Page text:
Averaging 9.6l /100km at the moment still running it in. Putting tow bar etc on next week as I didn't want to pay the LCT

              • emvee says,
                2 years ago
                Hi, I'm getting the VX with mats and tint for $72,300 and the Kakadu for $86,000 with the same. Tossing in between whether I need (want) the Kakadu or not if the plan is to have it for a number of years. These prices are under fleet discount for the company I work for.
  • Peter says,
    2 years ago
    smile all looks and sounds good. please give it a much powerful engine 127kw is not enough. A V6 diesel would do much better, all the rivals in the same segment have more power, check Landrover Discovery SDV6 for example.
    • Lightning Rod says,
      2 years ago
      Ugly grill, slow and thirsty. Jeep Grand Cherokee CRD is way better value for money.

      Just it's a Toyota dont mean you gotta empty your pockets for one.
  • emvee says,
    2 years ago
    I've had a 2011 Disco 4 SE and carried on 12 warranty claims in 24 months. Sold it with 1 yrs warranty left as I was just fed up. Not major stuff but just couldn't trust the car anymore and decided to get rid of it before warranty expired. I want a car that will not leave me stranded by the side of the road. Comfortable ride: absolutely, unreliable: that too.

    Go Prado
  • Jb says,
    2 years ago
    I was laughing the whole time, while reading this article. Toyota might have been reliable years ago, But in recent years, they have recall more cars than any other manufacturer. Plus all modern cars are pretty reliable.

    Toyota is only selling off a reputation for reliability gained years ago. They make the ugliest cars on the market. Just look at the front of this prado. They are massively under powered and have a lazy 5speed changer. 410nm is pathetic for a suv at this price and age.

    Land rovers and other euros (merc Bmw VW) have 600+ nm from smaller and similar sized engines and 8 speed refined gearboxes, and their fuel economy is twice as good. My 2001 Discovery has tow sway control. Thats 12 years ago, and toyota tries to use it as a selling point now. its also has downhill decent control. self levelling air suspension and traction control and never misses a beat. Toyotas Rotary terrain response dial is a weak copy of what landies had 8 years ago. 2.5 tonne towing is good for a joke only. The disco will haul 4 tonne, and the discos aren't that much more expensive. The Prado is so basic its a joke. The discoverys have more kit in them than the top model land cruiser. The new range rover leaves the land cruiser for dead.

    Also, the 86 might be Toyotas least boring car, thats because its a Subaru brz

    Anyway, people will still by Toyota, because of the ugly badge on the front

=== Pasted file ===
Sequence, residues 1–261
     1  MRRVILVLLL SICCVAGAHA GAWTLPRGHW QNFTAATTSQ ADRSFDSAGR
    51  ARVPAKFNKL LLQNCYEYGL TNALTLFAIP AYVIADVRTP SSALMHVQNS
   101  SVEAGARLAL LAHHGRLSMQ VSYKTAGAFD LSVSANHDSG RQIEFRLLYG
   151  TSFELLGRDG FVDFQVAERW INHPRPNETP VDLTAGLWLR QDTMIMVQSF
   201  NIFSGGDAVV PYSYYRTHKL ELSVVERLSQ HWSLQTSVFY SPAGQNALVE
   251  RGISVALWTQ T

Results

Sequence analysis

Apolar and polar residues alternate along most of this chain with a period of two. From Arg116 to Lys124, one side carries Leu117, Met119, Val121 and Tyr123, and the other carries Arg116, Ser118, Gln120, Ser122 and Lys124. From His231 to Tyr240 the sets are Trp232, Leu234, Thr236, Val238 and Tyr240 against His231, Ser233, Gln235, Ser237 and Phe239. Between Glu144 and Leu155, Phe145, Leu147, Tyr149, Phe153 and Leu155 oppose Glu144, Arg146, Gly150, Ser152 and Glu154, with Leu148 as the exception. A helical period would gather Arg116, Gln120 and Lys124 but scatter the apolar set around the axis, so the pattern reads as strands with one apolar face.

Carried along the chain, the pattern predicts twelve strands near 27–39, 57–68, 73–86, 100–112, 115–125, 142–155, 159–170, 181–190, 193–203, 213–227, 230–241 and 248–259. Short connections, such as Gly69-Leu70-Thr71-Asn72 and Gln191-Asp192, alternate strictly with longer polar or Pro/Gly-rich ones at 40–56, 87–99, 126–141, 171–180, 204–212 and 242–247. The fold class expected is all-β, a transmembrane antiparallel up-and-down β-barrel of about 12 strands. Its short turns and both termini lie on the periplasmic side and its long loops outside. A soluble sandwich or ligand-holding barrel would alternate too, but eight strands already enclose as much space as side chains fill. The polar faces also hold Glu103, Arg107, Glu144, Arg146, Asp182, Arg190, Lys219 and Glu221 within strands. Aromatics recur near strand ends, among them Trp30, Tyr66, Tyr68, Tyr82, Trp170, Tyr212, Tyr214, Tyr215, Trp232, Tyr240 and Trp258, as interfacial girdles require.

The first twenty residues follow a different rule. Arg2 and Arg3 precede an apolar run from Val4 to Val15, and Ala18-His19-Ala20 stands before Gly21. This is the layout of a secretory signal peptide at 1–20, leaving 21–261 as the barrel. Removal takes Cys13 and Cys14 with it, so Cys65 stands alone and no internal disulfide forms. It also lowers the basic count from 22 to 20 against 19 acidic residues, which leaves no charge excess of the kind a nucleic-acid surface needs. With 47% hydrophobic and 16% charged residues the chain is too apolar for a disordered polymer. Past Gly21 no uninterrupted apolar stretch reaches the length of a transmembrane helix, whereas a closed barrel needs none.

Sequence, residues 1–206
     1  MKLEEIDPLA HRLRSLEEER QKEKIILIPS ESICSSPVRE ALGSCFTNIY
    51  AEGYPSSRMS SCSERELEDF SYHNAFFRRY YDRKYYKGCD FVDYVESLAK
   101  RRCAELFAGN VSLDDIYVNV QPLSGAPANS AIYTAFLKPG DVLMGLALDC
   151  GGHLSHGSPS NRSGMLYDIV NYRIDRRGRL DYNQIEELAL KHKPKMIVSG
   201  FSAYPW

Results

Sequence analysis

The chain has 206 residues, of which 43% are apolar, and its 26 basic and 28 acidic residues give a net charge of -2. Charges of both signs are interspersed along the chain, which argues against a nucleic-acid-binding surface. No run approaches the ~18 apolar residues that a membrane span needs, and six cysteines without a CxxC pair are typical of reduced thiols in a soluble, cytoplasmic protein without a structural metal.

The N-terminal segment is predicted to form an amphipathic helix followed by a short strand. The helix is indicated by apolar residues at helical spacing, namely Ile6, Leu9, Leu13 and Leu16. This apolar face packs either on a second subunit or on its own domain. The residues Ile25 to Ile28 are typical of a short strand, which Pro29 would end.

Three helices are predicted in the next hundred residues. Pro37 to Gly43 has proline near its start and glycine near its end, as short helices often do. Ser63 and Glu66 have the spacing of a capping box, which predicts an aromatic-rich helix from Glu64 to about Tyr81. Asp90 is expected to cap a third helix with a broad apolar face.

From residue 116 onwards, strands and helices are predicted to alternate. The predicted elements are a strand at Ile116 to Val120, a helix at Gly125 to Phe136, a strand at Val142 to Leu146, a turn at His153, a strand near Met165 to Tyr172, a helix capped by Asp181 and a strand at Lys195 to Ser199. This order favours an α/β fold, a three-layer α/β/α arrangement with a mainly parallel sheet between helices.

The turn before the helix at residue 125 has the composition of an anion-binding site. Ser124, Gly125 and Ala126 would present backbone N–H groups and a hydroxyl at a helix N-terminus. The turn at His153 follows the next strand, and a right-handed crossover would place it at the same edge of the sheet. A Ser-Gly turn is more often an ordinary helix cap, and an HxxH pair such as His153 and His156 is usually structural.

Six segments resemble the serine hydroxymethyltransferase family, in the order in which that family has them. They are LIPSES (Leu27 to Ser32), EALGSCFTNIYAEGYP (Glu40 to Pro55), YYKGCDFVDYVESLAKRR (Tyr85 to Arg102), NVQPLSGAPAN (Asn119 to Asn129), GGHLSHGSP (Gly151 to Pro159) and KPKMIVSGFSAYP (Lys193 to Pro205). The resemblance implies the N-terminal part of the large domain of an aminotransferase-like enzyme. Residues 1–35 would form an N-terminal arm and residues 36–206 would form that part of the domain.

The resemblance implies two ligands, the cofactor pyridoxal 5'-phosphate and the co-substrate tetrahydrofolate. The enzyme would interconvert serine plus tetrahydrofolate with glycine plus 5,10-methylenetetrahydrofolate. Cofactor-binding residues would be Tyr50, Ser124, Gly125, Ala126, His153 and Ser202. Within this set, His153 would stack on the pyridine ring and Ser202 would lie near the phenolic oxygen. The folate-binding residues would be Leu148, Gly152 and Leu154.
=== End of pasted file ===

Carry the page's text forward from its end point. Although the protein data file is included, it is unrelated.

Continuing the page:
• Leo says,
      1 year ago
      1 like
      Yeah my series 2 disco has the same or more features than my brand new GXL Prado. But to that - the landy has cost me more money than I originally paid for it to keep it in its current condition. Its a fantastic performer especially on sand, great suspension and good power but I almost always break something each trip. End of the day a workforce of disciplined Japanese will build a higher quality product then a bunch of drunken poms - Jokes but you know what I mean. Bought the Prado because it makes good business sense.
  • David says,
    2 years ago
    Thats one ugly front end,would not buy one for this reason
  • craigbriz says,
    2 years ago
    1 like
    STILL 5speed auto?Surely should have moved to six speed by now Toyota!?
    • Sep says,
      2 years ago
      1 like
      Hideous front end , ugly centre dash, outdated auto transmission,inadequate towing capacity and over priced.
  • Prado says,
    2 years ago
    Why do these toyota prado haters keep on checking these reviews? Must be feeling bitter and regretful?.. i think..... do yourself a favor and get a Landcruiser Prado!
  • Peter Baker says,
    2 years ago
    I have had a Prado's as a company vehicle for the last 8 years, the only time they go into the shop is for a service and tyres, I average 80,000km's a year. I am up for a replacement vehicle and it's Prado again for me, stick with what works and is reliable.
    • Brissy Dan says,
      2 years ago
      1 like
      Looking at getting a new car now - had a V6 Prado for five years and its been superb. Its petrol, but Im yet to find terrain it cant cover. Huge suspension travel keeps wheels in traction whereas the Disco bottoms out. Really like the disco too, great car, but it cant match reliability or resale value. Paid $56k for th Prado Grande V6 petrol in 2008, done 150000km, never had anything break at all, and its been throught the mill a few times, and I get $36k back after 5and half years. Less than $4k/yr depreciation. Disco cant get near that.
      Disco is a different car, but not as reliable and just more expensive with lower resale. But, both great cars
  • andrew says,
    2 years ago
    My advice would be to buy a 120 series and spend the money you save upgrading yourself. Mandrel bent exhaust, set of rear drawers, dual battery, roof racks, 2 inch lift new tyres, sideawning, bullbar, winch, spotties and airlockers. You will have an awesome reliable long range tourer and still have heaps of change.
    • Harry Melbourne says,
      2 years ago
      1 like
      Just done most of that, instead of the winch I went for a Steinbauer module amazing difference.11.8 ltrs 100Ks in town 10 ltrs 100Ks on my walkabout trips fully loaded. I agree that Toyota do take Aussie customers for granted with others putting pressure things will change which will make it better for future Toyota buyers.
  • Brad says,
    2 years ago
    Why do people buy Toyota's? Because they last. I work in the mines and the only cars that can stand up to the abuse we put them through are Toyota's. The company I work for started buying rangers, didn't last, they then tried amaroks, even worse, but the old 70 series, hilux's and prados keep going and yes I have a 150 vx sitting at home.
  • Cyris Lesser says,
    2 years ago